Forestry & Wildlife
AUBURN UNIVERSITY, Ala. – Deer hunters across the United States are eagerly awaiting the leaves to change, temperatures to cool and the thrill of the hunt to begin. Until then, the responsibilities of wildlife enthusiasts and land managers are seemingly never-ending. Spraying weeds, tending to food plots, burning, equipment cleaning and maintenance are just a few examples of a hunter’s seasonal checklist. However, there is one hunting item on the list that is often cast to the wayside by accident: safety.
Safety measures can be the difference between a successful hunting trip and a tragedy. These recommendations and precautions should be seriously considered and not taken lightly. By making safety a priority, hunters can set examples for others – ensuring that the next generation is ready for a proper hunting experience.
According to Alabama Cooperative Extension System wildlife management professionals, no deer in the woods is worth the risk of a hunting injury. In 2022, Alabama recorded its safest deer hunting season, with only 15 nonfatal hunting accidents reported. This is an impressive feat considering the Alabama Department of Conservation and Natural Resources (ADCNR) reported more than 228,000 deer hunters in the state. These near a quarter of a million hunters spent a combined 4.9 million days in pursuit of white-tailed deer.
Back to the Basics
Like many sports, it is always important to begin with the basics. As it pertains to hunting, most of these rules are taught at a young age through classes and programming. This is where Alabama Extension and its partners strive to instill these values at a young age. Bence Carter, an Alabama Extension forestry, wildlife and natural resources regional agent, said voluntary education in young hunters is highly recommended.
“Although it isn’t required for hunters younger than 16 years of age in Alabama, attending a hunter safety course hosted by ADCNR is recommended,” Carter said. “For hunters 16 years old or older, this course is required for purchasing a hunting license.”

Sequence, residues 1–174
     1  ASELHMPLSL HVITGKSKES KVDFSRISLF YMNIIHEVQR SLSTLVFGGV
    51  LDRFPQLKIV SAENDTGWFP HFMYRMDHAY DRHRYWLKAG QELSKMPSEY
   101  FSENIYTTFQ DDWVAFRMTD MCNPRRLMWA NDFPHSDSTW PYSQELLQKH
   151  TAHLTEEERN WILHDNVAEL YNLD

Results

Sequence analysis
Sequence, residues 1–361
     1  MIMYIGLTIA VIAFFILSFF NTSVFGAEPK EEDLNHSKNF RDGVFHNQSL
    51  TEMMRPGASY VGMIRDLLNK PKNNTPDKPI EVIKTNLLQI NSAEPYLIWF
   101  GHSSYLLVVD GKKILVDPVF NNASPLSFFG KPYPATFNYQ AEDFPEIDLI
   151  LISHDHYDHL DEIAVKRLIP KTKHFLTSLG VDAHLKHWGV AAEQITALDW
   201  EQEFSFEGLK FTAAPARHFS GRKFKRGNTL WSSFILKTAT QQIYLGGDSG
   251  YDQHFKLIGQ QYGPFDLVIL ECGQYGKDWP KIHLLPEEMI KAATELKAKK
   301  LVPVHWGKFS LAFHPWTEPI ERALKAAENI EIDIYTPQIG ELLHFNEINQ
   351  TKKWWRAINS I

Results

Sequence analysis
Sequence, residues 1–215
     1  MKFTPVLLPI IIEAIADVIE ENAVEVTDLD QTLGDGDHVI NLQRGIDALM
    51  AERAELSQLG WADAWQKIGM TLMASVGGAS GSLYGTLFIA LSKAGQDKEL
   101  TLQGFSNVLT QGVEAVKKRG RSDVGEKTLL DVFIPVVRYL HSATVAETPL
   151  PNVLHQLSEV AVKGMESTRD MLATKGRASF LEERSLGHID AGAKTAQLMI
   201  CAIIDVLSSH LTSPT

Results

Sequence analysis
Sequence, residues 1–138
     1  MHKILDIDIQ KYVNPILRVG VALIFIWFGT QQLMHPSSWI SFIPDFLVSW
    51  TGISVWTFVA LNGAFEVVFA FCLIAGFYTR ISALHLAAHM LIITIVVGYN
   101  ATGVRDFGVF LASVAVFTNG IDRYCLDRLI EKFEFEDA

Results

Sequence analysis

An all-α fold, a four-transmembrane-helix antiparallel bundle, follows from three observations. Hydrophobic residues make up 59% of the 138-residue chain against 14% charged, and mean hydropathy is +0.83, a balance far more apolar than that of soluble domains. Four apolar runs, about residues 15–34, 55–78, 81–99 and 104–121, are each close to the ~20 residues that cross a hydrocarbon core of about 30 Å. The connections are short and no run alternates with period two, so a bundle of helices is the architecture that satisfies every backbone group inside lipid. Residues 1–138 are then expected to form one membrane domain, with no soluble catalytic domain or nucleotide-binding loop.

Carter said most hunting accidents occur because of complacency. Like with any trade or skill, repetitive action can become monotonous. It can be easy to forget why you are performing actions in a certain order – such as ensuring the safety switch is engaged, always keeping a gun barrel pointed in a safe direction and keeping a firearm unloaded until you are secured in the stand. These basics are crucial to your safety as well as the safety of others in your vicinity.
Know Your Firearm
It is a firearm operator’s responsibility to know everything about their gun. When someone is handed an unfamiliar weapon or recently purchased a new one at the store, training is absolutely required for safety. Each gun’s make, model, caliber and action has its own quirks, and shooting practice helps build familiarity with the firearm.
A common rule of thumb is to treat all firearms as if they are loaded. Be familiar with your new firearm, and be able to load and unload it, as well as engage and disengage the safety without searching for it.
“Do not always assume your sights are dialed in or that the sporting goods store boresighted the new scope they installed,” Carter said. “Before the season begins, practice shooting your firearm and know its accuracy at different distances. Target practice with the ammunition that you intend to hunt with and know how the rounds respond at different distances. This can be the difference between wounding wild game and executing a clean shot.”